Streetcar Study Off to Fast Start
Posted by Transit Action Network on April 20, 2011
A Downtown Streetcar “Alternatives Analysis” (AA) study is on a fast track to completion, according to Charlie Hales, project manager for lead consultant HDR. That’s our conclusion based on Hales’ presentation to the Kansas City Parking and Transportation Commission today. The Commission, chaired by Councilwoman Jan Marcason will be the “primary sounding board” guiding the study.
Hales, who has had extensive rail transit experience in Portland and other cities, said though the federal funding situation is uncertain, the best way to get such funding is to have a plan ready when the next money becomes available.
The study timetable is ambitious:
– June – Statement of purpose and need, plus identification of initial alternatives.
– August – Alternatives evaluation and financing options.
– September – Draft of a Locally Preferred Alternative (LPA) report.
– November – Formal recommendation of a single Locally Preferred Alternative.
The FTA has awarded $400 million in grants for streetcar projects in the past 15 months through the TIGER and “Urban Circulator” programs, Hales said, and USDOT Secretary Ray LaHood really likes streetcar projects. Getting the current study done will enable Kansas City to be “nimble” in applying for FTA “new starts” or “small starts” money, or other federal money that may become available. Some transportation funding, for example, has recently been turned back by other grantees, and that money — even high-speed rail money — could conceivably be redirected to a streetcar project such as ours.
The Downtown Streetcar study will follow the FTA’s formal process, which requires consideration of reasonable options for both route and mode, but will seek a so-called “categorical exclusion” (a category of project considered not to have major environmental impacts) to simplify the “environmental screen” required in the FTA process. Issues such as event-related street closures (e.g., at Sprint Arena and Crown Center), utility location requirements, the strength of bridges over the freeways, and where to locate a maintenance facility are among those to be addressed in the study. Other factors include ridership forecasts (estimates based on travel demand models as well as “off-model” considerations) and financing options.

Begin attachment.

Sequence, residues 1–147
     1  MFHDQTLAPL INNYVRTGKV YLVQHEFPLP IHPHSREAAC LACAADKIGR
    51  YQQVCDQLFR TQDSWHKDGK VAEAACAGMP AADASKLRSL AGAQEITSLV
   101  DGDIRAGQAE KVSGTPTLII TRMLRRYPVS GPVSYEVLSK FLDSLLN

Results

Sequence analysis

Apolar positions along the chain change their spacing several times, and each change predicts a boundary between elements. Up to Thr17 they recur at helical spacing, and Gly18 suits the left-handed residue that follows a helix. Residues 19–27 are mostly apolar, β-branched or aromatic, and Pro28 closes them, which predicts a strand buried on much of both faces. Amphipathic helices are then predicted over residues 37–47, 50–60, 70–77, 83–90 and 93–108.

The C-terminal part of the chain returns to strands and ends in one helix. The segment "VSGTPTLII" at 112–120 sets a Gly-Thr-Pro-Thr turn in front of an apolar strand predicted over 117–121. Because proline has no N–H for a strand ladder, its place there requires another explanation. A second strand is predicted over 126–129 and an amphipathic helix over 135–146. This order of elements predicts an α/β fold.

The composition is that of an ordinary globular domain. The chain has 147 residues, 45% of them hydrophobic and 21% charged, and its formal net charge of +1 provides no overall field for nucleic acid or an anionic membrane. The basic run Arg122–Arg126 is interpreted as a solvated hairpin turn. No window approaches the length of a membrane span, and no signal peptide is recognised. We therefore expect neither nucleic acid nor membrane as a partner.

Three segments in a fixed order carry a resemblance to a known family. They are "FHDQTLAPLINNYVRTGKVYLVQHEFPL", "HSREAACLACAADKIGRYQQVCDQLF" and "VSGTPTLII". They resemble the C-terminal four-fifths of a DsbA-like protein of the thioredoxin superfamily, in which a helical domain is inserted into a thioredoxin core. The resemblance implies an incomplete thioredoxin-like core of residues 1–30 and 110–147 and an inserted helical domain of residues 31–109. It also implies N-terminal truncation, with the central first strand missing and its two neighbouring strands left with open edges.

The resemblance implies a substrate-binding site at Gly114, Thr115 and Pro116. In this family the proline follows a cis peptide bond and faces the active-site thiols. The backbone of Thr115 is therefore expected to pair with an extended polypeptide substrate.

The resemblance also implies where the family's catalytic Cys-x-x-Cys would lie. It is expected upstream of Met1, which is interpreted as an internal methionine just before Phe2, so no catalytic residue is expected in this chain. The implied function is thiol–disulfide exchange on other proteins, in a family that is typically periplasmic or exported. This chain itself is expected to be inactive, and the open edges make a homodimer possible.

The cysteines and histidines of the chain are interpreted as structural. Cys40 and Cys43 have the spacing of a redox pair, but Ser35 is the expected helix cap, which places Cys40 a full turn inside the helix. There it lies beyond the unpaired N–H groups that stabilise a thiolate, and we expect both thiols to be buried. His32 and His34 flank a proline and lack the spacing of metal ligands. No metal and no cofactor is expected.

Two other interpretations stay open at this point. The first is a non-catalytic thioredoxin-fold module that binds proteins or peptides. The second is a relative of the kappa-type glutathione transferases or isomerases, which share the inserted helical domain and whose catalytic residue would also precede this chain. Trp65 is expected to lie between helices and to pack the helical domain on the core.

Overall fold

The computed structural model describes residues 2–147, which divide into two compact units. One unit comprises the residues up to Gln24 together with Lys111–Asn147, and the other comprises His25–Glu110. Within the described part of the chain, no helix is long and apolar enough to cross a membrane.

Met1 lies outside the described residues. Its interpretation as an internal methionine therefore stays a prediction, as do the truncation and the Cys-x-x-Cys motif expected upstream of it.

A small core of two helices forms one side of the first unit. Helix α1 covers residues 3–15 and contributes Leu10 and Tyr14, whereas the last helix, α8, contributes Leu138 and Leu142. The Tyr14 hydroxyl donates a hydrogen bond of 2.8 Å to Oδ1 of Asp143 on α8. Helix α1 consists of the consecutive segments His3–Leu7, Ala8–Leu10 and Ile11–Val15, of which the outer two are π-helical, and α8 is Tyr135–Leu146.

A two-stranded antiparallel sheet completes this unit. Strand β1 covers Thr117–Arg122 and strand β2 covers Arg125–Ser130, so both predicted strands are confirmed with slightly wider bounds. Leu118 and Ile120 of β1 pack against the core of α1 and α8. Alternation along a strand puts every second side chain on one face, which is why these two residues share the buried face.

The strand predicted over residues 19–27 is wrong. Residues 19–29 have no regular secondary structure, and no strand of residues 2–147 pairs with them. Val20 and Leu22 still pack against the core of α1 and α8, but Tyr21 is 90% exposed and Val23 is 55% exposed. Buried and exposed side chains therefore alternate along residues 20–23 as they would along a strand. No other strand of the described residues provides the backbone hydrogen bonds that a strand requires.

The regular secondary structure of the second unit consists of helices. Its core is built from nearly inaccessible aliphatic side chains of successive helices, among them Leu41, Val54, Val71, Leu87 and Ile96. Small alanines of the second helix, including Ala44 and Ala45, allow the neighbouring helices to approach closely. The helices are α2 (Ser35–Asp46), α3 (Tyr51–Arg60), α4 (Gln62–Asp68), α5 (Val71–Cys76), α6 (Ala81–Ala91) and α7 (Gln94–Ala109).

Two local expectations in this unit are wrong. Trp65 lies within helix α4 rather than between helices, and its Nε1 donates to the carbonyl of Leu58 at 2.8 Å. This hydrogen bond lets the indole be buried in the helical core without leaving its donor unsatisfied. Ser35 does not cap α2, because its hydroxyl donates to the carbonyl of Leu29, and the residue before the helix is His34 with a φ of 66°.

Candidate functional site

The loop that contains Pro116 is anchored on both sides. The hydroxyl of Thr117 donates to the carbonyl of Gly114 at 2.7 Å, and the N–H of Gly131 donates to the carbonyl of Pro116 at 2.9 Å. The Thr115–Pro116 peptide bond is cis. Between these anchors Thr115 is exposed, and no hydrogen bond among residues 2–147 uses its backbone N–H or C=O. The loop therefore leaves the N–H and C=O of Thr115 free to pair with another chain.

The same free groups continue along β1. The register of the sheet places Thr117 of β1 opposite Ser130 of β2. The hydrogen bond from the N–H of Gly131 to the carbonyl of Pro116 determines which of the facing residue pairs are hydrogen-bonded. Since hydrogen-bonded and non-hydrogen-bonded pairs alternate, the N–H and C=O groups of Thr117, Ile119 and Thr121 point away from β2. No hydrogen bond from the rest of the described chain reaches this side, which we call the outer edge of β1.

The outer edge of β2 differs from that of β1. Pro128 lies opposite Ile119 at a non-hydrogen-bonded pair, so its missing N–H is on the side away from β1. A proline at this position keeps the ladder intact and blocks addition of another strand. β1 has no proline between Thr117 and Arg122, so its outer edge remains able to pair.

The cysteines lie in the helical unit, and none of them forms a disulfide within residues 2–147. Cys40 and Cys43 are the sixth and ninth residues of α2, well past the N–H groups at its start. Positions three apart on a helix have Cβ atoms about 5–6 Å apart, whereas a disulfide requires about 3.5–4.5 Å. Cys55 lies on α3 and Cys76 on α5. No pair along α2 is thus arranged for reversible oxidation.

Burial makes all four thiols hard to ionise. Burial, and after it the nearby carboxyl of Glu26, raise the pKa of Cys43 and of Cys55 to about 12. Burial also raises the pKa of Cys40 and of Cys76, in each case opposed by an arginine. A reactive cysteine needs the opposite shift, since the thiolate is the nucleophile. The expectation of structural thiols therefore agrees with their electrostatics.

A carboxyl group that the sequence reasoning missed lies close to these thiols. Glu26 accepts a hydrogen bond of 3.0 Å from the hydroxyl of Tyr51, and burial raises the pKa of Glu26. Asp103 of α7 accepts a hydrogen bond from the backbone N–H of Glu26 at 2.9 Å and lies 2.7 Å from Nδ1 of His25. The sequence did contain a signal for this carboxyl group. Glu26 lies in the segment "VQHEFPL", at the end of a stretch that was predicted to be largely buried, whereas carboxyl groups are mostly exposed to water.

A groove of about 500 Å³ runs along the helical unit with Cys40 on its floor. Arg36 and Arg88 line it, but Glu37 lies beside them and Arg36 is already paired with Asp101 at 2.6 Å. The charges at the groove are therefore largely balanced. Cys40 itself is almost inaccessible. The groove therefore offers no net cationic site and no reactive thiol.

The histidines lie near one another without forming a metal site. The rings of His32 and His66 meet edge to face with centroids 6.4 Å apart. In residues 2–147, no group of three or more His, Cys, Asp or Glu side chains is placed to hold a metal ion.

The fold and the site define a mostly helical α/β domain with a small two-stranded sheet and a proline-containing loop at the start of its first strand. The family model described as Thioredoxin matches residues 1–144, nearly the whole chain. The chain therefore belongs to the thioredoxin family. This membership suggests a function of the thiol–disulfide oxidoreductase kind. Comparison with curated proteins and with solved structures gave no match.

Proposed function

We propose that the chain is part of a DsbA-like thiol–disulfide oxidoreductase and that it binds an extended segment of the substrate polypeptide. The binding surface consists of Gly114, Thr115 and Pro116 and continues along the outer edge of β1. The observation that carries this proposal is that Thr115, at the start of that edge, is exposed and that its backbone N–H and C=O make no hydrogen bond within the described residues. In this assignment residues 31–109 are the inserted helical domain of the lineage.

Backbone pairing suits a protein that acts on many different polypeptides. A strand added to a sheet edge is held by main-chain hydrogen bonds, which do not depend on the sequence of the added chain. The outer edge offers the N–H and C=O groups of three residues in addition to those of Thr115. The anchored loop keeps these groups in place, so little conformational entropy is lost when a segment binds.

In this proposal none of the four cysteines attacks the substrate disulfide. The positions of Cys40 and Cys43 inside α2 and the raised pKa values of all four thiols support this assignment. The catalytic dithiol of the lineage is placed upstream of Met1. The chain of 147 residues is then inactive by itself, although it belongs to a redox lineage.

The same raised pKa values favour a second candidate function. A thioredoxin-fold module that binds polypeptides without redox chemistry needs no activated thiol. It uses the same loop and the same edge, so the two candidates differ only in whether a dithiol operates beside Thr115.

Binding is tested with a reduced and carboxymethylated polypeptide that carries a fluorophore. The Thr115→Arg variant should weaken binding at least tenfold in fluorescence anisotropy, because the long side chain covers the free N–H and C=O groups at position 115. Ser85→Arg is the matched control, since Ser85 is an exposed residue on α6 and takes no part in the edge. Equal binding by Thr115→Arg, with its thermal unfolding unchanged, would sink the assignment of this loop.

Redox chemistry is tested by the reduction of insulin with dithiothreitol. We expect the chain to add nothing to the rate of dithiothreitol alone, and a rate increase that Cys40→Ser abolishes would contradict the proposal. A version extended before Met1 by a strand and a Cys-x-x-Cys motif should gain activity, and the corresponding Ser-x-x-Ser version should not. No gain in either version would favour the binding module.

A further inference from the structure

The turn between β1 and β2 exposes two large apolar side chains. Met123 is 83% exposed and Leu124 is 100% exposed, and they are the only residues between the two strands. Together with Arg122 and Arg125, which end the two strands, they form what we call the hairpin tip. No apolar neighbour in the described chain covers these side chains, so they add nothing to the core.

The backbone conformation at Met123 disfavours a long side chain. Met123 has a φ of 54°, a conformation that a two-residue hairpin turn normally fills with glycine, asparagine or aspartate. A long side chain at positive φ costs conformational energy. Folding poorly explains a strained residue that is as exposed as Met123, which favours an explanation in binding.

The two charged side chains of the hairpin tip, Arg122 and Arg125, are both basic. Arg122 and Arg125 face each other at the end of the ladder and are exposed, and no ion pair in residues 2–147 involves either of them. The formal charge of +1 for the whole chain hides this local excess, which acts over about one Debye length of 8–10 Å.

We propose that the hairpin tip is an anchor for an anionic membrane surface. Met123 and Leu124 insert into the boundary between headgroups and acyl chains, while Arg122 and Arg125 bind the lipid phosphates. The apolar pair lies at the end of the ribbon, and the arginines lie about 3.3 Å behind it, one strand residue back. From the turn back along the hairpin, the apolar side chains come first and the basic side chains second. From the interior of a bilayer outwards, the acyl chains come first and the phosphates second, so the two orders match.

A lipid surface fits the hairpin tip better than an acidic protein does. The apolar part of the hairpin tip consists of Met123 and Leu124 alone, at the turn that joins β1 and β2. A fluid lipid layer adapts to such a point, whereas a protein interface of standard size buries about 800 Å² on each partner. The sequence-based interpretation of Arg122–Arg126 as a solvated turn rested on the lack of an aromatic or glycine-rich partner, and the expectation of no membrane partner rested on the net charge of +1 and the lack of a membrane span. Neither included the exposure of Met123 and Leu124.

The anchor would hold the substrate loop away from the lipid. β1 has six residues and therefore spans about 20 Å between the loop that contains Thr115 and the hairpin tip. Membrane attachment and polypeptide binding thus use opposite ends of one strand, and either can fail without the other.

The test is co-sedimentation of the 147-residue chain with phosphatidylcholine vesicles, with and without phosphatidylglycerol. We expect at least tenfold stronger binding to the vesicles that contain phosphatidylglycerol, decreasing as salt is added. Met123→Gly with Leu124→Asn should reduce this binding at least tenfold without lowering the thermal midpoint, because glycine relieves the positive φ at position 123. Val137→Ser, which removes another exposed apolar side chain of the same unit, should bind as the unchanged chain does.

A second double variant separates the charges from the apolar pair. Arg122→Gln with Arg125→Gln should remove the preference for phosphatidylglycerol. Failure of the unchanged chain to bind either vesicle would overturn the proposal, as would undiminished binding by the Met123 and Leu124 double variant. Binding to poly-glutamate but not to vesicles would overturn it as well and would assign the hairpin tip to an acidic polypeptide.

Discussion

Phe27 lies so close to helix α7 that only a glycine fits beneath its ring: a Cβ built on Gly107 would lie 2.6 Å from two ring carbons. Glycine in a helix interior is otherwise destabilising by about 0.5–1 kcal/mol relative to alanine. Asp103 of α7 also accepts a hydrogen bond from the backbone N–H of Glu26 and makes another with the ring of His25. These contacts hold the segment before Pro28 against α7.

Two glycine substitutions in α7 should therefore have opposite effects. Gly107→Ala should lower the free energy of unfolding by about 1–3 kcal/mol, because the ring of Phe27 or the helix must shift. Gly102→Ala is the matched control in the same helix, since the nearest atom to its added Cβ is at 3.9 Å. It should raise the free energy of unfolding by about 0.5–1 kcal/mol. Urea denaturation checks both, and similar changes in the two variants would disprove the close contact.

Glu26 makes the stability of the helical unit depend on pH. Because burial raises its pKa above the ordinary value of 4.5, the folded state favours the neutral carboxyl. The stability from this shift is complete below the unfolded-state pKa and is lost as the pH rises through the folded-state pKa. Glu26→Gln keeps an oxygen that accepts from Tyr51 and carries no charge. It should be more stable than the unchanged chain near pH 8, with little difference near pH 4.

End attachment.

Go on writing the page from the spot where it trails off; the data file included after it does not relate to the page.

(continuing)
Hales noted that the study will build on a number of recent and ongoing local studies, including the Greater Downtown Area Plan, KCATA’s Comprehensive Service Analysis, the region’s Urban Corridors Study, and the Grand Boulevard Vision, plus all of the light rail planning work that’s been done in past years. The streetcar study will be coordinated with the Commuter Corridors study (not yet underway), which will consider commuter rail in two major corridors.
Keeping the project manageable is important, too. When projects fail, Hales said, it’s not for engineering reasons. Rather, it’s for political reasons. Thus, every effort will be made to keep all stakeholders involved, to limit expectations, and to avoid a key mistake of past Kansas City rail studies, letting the scope of the project expand. Holding the project to just two miles gives it the highest likelihood of success, based on past voter response. (It’s widely expected that funding for this project would come largely from within the streetcar corridor, and thus a citywide vote would not be required.) This also keeps it small enough that the city might be able to finance it without federal assistance, should that become necessary.
KCATA General Manager Mark Huffer noted that a bill has been introduced in the Missouri Senate that would allow a Transportation Development District (TDD) to be set up specifically for transit, and that would simplify the makeup of the TDD’s governing body. That bill (which might not be critical) might or might not get through the General Assembly this year.
Assistant City Manager Sherri McIntyre will oversee the project for the City. She said she looks forward to guiding the study to completion and then getting the project built.
Said Chairman Marcason: “I’m the most optimistic that I’ve ever been (about getting a rail transit project done).”